It’s still not ready for its big reveal. But, for reasons that may seem obvious, given it’s not a direct descendent of anyone RPG (or such an RPG’s system resource document, for example), I’ve been thinking about it a LOT, recently.

So, I have a short, quick preview of just a few of the rule elements I’m working on in the game up at my Patreon. It isn’t a design document, but instead a preview of some elements of a game I’m working on, a behind-the-scenes teaser of a thing I may or may not ever finish.

But I’d like to.

Right now that rules preview (and all Thursday blog posts) are Patreon-exclusive, because I need to grow my Patreon to keep spending time writing blog posts and other public content. However, once my Patreon funding level hits $1,000/month, I’ll go back to posting my Thursday posts free for all to see here, AND I’ll create and maintain an index page of all my PF2 articles for Patrons, so they can easily access all my online PF2 content!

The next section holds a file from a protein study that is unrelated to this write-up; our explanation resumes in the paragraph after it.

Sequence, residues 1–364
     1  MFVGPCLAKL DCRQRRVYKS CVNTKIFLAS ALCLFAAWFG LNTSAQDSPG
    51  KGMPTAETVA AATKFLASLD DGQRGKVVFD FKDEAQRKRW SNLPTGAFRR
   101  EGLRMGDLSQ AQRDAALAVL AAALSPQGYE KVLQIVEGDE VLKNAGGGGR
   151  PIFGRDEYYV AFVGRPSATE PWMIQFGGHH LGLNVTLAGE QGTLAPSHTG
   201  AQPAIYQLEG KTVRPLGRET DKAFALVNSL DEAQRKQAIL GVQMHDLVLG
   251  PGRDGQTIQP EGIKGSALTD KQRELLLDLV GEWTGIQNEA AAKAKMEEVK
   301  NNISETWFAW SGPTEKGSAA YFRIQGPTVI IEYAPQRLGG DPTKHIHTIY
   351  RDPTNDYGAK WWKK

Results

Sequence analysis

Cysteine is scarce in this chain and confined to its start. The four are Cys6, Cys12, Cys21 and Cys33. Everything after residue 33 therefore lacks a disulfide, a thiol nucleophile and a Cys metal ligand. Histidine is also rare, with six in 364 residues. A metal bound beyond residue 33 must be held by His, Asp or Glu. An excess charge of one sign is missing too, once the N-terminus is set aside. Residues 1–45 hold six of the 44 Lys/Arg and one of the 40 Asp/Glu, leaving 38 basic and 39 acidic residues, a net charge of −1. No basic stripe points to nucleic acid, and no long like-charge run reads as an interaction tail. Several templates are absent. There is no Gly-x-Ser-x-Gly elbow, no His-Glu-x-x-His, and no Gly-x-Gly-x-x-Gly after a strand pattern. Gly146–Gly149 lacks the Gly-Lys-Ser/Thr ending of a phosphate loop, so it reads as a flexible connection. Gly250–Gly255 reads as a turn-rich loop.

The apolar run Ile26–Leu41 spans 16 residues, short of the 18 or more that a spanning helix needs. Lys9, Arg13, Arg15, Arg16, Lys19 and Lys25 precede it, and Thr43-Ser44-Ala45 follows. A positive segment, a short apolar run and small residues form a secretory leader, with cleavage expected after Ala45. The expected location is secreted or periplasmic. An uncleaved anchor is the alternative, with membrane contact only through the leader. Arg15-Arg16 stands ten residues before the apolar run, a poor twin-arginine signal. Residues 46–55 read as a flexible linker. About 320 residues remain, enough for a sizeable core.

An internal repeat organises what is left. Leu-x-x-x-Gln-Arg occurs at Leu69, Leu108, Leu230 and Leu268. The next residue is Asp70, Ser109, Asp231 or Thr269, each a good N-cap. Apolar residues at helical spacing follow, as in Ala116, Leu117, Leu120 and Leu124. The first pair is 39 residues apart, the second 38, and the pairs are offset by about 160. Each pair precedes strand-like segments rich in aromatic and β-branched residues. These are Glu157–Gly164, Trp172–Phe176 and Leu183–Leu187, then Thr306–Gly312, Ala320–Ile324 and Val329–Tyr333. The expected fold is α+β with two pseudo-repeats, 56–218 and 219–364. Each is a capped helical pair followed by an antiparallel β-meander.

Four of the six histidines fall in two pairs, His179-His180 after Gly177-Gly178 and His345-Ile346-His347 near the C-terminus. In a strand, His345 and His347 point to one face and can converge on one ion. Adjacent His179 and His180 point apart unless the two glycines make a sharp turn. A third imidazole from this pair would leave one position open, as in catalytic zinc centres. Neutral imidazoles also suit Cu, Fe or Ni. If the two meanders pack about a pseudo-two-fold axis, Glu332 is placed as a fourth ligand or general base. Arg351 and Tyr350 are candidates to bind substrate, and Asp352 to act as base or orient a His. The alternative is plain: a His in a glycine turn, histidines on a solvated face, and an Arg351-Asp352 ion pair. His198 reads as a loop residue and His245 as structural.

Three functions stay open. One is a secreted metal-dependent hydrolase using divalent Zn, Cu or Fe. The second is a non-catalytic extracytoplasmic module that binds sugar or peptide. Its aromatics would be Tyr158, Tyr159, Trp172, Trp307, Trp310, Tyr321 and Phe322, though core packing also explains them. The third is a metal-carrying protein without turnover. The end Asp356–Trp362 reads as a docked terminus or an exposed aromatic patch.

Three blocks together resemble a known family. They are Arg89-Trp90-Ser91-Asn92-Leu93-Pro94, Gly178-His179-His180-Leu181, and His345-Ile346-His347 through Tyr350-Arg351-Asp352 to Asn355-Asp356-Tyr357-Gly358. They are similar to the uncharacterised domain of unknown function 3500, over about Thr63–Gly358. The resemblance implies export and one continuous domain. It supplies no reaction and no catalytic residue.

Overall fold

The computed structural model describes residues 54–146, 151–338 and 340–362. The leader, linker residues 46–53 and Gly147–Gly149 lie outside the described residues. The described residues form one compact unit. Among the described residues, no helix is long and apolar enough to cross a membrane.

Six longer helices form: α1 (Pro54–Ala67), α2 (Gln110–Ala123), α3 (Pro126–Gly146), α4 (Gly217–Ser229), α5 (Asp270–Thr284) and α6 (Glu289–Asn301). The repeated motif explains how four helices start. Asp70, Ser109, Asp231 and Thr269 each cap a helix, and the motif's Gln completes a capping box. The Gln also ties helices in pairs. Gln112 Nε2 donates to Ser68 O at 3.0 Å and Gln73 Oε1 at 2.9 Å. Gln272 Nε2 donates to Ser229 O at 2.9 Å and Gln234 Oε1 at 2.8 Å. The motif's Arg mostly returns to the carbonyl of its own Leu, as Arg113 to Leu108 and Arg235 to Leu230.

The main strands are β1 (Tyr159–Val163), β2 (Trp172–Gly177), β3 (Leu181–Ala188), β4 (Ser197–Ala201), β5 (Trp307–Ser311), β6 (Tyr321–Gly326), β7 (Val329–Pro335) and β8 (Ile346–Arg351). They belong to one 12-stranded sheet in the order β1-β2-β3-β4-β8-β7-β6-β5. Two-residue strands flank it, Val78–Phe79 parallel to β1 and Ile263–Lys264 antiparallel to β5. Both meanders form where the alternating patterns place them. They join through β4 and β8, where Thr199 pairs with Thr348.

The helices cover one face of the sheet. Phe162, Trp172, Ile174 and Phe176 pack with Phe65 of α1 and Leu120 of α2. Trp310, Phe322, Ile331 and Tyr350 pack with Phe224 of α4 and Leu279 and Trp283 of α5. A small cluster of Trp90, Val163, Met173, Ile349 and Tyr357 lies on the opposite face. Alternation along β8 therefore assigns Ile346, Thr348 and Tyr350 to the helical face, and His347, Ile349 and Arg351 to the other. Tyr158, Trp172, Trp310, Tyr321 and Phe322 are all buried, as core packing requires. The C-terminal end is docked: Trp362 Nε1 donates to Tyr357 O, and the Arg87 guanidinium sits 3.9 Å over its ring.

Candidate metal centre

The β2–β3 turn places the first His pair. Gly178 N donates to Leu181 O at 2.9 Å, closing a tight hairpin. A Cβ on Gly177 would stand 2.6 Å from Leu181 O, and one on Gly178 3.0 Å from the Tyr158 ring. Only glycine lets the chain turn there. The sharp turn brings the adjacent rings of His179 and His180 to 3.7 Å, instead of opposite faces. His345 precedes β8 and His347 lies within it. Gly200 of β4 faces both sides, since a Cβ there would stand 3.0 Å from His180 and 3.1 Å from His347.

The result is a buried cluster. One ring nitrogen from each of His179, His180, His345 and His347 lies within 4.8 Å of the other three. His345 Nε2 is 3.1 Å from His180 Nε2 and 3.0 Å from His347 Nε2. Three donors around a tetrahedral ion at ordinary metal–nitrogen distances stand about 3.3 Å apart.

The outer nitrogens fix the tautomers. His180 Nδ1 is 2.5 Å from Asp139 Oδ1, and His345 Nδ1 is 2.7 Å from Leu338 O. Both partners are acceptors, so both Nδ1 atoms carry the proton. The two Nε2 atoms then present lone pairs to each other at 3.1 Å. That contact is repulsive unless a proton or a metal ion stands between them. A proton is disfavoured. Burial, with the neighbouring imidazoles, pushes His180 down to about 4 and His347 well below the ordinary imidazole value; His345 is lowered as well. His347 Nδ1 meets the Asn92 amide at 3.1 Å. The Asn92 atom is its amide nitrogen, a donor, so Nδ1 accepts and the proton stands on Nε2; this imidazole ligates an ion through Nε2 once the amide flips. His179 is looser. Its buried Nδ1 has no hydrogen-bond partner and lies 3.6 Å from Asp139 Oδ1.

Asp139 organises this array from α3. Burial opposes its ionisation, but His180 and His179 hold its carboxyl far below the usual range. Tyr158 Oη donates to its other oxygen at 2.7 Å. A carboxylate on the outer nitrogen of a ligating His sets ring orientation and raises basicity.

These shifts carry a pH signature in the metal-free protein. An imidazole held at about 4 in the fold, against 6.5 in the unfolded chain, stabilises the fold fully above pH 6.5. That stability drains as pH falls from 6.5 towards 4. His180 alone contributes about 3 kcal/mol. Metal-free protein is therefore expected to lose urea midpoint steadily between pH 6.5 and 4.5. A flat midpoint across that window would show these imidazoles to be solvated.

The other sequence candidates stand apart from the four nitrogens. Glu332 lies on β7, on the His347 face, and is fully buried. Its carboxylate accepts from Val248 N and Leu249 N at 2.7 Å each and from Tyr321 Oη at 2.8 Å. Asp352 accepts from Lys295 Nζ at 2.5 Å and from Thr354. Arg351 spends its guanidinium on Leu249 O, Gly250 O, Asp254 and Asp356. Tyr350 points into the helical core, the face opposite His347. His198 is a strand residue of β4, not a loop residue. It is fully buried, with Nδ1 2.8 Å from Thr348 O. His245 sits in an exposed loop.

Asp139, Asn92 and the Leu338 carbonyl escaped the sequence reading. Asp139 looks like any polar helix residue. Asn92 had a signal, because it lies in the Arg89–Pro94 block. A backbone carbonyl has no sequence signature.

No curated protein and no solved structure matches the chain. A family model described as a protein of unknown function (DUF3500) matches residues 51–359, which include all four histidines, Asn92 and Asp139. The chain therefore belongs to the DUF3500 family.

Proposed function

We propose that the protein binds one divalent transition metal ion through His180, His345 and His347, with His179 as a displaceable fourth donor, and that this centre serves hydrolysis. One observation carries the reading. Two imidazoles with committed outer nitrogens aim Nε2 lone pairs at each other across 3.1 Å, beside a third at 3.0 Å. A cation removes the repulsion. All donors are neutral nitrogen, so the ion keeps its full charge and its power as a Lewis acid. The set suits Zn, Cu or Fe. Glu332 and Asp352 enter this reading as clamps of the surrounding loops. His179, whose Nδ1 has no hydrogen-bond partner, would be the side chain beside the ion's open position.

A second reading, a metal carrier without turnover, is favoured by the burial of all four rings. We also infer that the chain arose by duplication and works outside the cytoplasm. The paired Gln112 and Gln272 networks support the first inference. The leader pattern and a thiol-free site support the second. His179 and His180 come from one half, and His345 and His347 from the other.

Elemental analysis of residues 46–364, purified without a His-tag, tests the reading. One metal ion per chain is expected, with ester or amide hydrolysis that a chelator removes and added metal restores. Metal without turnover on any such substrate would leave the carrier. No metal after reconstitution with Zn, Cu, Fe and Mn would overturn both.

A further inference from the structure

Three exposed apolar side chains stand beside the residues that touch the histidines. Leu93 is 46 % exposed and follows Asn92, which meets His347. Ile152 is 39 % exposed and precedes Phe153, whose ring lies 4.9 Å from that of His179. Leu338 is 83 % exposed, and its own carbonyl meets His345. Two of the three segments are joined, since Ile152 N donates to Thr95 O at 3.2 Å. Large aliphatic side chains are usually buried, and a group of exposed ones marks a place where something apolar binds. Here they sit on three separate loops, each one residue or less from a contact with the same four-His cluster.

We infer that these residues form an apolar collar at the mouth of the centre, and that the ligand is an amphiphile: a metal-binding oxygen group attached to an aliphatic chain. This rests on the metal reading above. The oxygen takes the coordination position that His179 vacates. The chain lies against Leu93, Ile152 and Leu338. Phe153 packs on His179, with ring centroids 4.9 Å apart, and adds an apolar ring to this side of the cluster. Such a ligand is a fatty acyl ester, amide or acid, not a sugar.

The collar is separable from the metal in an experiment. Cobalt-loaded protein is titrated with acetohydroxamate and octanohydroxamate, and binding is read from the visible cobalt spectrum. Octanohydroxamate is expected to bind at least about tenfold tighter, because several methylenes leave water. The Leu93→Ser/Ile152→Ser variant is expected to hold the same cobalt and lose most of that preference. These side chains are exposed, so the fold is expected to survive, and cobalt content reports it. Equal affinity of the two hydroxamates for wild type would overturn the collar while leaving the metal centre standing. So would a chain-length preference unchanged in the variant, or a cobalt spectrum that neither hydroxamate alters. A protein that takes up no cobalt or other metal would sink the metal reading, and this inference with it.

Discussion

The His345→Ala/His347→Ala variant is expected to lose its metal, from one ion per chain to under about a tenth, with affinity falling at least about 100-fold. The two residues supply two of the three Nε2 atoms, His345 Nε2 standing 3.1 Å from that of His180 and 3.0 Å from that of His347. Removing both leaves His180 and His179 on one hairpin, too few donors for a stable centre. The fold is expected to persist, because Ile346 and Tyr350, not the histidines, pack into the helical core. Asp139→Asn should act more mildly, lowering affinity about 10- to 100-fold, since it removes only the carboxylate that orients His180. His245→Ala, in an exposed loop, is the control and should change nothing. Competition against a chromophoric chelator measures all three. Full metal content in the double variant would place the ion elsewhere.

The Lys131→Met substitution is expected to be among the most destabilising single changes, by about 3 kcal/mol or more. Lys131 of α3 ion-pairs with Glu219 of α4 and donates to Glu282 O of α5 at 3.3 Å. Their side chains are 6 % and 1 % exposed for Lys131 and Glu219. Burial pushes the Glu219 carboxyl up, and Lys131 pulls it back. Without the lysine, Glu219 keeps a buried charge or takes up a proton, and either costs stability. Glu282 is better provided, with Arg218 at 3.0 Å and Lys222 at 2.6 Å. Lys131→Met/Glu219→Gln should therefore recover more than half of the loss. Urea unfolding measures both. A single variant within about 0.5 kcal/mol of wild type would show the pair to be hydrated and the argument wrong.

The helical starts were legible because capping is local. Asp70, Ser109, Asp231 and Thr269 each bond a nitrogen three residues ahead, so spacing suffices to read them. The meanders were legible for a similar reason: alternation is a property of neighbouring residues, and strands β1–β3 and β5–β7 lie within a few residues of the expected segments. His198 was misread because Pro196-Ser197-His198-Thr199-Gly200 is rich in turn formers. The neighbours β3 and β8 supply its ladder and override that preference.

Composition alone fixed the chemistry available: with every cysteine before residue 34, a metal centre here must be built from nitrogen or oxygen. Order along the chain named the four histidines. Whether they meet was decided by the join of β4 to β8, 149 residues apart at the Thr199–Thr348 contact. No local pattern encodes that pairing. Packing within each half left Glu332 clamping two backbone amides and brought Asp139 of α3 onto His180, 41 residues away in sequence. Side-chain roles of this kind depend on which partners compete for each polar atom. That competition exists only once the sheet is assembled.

(Working cover. Cover art by lobard)

The K-Force Files (Part 1)

(This article is not covered by the OGL).

My love of kaiju goes way… waaaaaay back to my early childhood. It predates my love of D&D, Star Wars, Star Trek, powered armor, space opera, pulp adventures, comics, superheroes, psychic powers, monster hunters, swords, or much of anything else I can thing of.

I believe it’s my first fandom.

It’s just grown as I aged. Some classic comics mixing superspy groups and kaiju, more modern kaiju movies constantly playing with classic elements such as mechakaiju, psychics, alien plots, and so on, just made me more and more want to boil down all the things I love most about it into a single set of worldbuilding ideas, and a single unified continuity, which I can then draw from as needed for various projects.

These are the K-Force files. You’re welcome to use them in your own home games, but mostly they are a look into how I build blocks of fungible lore and ideas that I can use as needed for various personal and professional projects. Part 1 covers Terminology, Locations, and Organizations.